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Saturday 4 August 2001, 23:25 BST
Carol Vorderman was invited to appear in the Brass Eye Special but she says she declined because "I don't get involved in anything unless I know what I am talking about, I can't see the point." That's a creditable attitude, albeit one that forces me to wonder why the hell she keeps turning up on programmes about what a cesspool the internet is. I suppose a little knowledge is a dangerous thing.

Vorderman also loses several million brownie points for relating the following anecdote:
Ms Vorderman also disclosed that several years ago Countdown producers had unwittingly recorded an episode with a convicted sex offender.

The victim contacted Channel 4 after reading in her local paper that he was to appear on the programme.

She said: "The bosses refused to broadcast it and quite rightly so. That programme should not have been shown.
Assuming that said sex offender wasn't breaking the terms laid down upon their release, why shouldn't they appear on a TV quiz? I could understand not wanting them to become childrens' TV presenters, but am I missing something here?
The Taliban are reported to be making tentative moves towards restoring some sort of relations with the west. James Norton thinks that given Afghanistan's history and the size of the problems facing the country's government the west shouldn't reject the idea out of hand.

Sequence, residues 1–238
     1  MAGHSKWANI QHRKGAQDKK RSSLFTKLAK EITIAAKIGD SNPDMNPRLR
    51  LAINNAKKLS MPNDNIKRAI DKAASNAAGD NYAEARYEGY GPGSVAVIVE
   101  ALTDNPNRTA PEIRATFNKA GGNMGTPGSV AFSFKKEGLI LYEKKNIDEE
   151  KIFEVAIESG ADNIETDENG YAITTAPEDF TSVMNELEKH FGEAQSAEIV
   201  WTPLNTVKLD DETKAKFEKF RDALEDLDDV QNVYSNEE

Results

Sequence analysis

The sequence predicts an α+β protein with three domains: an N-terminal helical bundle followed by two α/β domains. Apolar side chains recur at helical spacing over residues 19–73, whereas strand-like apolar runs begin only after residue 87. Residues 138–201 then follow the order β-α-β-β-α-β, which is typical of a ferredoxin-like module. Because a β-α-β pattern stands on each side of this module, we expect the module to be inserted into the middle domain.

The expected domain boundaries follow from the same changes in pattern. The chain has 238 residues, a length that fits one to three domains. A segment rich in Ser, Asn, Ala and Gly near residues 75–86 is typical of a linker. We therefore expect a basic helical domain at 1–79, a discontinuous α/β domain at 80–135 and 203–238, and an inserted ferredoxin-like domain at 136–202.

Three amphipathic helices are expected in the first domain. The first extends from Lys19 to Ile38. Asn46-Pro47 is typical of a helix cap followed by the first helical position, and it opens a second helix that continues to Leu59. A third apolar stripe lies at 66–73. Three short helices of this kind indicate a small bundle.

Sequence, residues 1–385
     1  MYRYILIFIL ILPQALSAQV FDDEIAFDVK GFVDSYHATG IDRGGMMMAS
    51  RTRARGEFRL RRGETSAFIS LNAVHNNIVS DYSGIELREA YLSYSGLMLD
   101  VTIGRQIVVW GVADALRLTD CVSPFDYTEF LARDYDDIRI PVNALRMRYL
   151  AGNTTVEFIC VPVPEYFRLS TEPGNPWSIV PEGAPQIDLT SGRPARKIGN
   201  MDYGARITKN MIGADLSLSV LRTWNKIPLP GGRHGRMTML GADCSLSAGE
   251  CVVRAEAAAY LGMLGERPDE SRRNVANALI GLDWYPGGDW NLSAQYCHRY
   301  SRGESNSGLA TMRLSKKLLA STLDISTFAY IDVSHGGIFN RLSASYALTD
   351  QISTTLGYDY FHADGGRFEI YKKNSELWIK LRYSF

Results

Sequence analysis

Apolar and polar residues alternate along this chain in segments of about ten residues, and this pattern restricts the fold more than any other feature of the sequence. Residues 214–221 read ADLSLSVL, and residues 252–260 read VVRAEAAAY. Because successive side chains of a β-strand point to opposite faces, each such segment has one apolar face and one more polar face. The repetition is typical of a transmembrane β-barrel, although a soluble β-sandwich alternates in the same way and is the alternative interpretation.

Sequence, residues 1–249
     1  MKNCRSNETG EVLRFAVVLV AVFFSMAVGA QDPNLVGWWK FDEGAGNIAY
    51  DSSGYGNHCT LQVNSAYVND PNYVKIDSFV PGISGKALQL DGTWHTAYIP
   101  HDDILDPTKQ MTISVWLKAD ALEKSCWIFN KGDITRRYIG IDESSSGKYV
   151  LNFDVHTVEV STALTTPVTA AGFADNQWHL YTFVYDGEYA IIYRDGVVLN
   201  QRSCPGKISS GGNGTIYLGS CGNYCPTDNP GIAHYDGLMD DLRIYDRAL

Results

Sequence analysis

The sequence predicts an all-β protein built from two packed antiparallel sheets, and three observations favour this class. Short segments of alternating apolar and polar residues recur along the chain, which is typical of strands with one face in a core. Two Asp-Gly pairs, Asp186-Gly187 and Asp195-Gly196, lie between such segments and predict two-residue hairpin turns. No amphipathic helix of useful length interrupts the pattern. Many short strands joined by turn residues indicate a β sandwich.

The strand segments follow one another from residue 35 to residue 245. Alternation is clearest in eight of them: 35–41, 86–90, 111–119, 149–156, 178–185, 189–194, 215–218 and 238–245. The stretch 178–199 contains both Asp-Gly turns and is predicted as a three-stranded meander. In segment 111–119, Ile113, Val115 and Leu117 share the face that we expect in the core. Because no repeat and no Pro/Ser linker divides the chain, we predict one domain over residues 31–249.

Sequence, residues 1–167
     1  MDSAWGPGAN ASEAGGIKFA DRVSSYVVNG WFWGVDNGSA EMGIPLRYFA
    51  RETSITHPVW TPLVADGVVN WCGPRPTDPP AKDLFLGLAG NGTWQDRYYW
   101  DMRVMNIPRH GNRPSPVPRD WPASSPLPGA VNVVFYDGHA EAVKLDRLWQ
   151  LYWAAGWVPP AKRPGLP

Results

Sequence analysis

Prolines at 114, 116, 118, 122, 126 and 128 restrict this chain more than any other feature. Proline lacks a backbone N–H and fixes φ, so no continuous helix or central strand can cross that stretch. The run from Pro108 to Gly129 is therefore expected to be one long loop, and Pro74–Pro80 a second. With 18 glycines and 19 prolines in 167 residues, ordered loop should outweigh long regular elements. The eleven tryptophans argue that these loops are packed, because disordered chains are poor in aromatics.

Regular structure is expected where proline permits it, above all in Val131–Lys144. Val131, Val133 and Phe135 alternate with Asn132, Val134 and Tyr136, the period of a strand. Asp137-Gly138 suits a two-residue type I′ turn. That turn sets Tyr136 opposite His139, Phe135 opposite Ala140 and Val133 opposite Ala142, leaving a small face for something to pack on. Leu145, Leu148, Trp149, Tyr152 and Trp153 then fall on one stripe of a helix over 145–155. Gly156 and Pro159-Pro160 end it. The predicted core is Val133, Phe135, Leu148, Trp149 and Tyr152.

Bob Cringely thinks that Windows XP's deficiencies as a networked operating system are intentional, designed to further Microsoft's cause by persuading the world that TCP/IP is insufficiently secure and should be replaced by a proprietary product.

I think this is a conspiracy theory too far. For one thing, Microsoft may own the desktop market but there's still sufficient competition in the server sector for them to face considerable resistance in persuading everyone to switch to, say, "TCP/MS." For another, IPv6 addresses many of his concerns, and is not a proprietary MS product.

I'd say that although Cringely is right that Windows XP isn't as secure as it should be out of the box, the increased use of broadband/always-on connections is going to be a much bigger factor in ensuring that everyone gets to learn about firewalls, the use of appropriate file permissions and the advantages of IPv6 over the next few years.
The story of Wellhung and Sweetheart. A very funny story., but not, I suggest, something you'll be wanting to read at work. [Via Grayblog]
Friday 3 August 2001, 22:25 BST
MacHomer. A one man version of Macbeth, only with Shakespeare's characters "played" by the characters from The Simpsons. It sounds just crazy enough to work... [Via MetaFilter]
Oops. That's one editor who can forget about a knighthood. [Via Nick Jordan]
New Law Protects Free Speech.